Updated: Apr 14, 2018
I recently visited one of the 7 natural wonders of the world, Victoria Falls. This trip was slightly different to my usual trips to Africa as it was a social visit and not for "work". As i was attending the wedding of some very dear friends and new there would be no time for game viewing, i decided not to pack all my DSLR equipment. Instead, i took my iPhone X and nothing more. In part this was to save lugging all my cameras and lens' all the way to Zimbabwe, but i also wanted to see what could be done with my iPhone and to see if you could potentially, use it as your main camera on safari.
Victoria Falls or Mosi-Oa-Tunya (The Smoke That Thunders) as it is know locally, was discovered by Dr. David Livingstone on the 16th November 1855. The falls are formed by the full force of the mighty Zambezi River crashed over a fracture zone in the plateau. The Falls are measured at 1,708 meters across and 108 meters tall at its highest point. It is not the widest or the tallest water fall in the world, but is considered the largest due to its combination of width and hight, making it the single largest sheet of falling water in the world. The Zambezi River forms the boarder between Zambia and Zimbabwe and the Falls act as a boarder post between the two countries. It was from the Zimbabwean side of the Falls, in the town of Victoria Falls where i was staying and it was from the Zimbabwean side that i viewed the Falls on this occasion. If you have the time, i would reccoment viewing the Falls from the Zambian side as well as it does offer different views and perspectives on the Falls themselves.
The Falls themselves are located in the Victoria Falls National Park. It costs $30 to get in and is paid upon arrival. Well worth it in my opinion. I would recommend you take a good hour or two to walk around the park. It is very easy to get around, the paths are well kept and the route is very well sign posted and plenty of information boards along the way to guide you through. There are a number of look out points that offer unqiue views of the falls and give you plenty of oportunities to take some pohotographs. As well as the falls themselves, there is also plenty of game to see, small mammals such as Warthog, Vervet Monkeys and Baboons frequent the national park and always make for entertaining viewing.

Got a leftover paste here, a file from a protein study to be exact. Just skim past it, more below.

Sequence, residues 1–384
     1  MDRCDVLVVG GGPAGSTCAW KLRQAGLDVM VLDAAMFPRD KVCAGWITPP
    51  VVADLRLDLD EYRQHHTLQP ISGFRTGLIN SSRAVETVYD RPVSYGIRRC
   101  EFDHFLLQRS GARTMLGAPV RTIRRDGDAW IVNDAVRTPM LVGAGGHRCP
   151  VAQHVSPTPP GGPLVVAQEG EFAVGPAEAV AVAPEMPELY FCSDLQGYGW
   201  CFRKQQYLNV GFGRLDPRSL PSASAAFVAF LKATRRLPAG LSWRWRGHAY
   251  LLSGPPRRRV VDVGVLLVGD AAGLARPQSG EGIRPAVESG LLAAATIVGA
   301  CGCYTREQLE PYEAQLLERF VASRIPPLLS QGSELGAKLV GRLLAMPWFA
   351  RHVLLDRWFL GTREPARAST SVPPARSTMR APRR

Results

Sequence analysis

With the iPhone, there are plenty of opportunities to get creative with the in camera functions. From Long exposures to Slow motion videos. Now, for all of this to work effectively, you have to make sure that Live mode is turned on.
Once this is on, it opens up all the creative features that come with it. Before i get into these, there are a few simple tips that can help create solid images with you camera phone. When taking even the most standard of images, you can choose the focal point very simply, but tapping the area of the image that you want to be in focus.
Once you have done this, the camera will automatically adjust the image to give you the best possible exposure. However, should you wish to adjust it manually, can also do that.
Once you have adjusted the camera and taken the image, you can then go to town with all the creative in camera features.
As you can see, there is plenty of fun and creative things you can do with the iPhone. But would i use it as my primary camera on a safari? Personally, i would not. But only because photography is a very important part of my safari experience and i get great enjoyment out of creating images. However, if you just want to capture some memories from your safari then yes, i would strongly suggest using your iPhone. The quality of the images and videos are good enough if just capturing a few memories of your trip is your photographic goal. It would save a lot of money and effort in buying a new camera and dragging it around with.
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Cheers for now.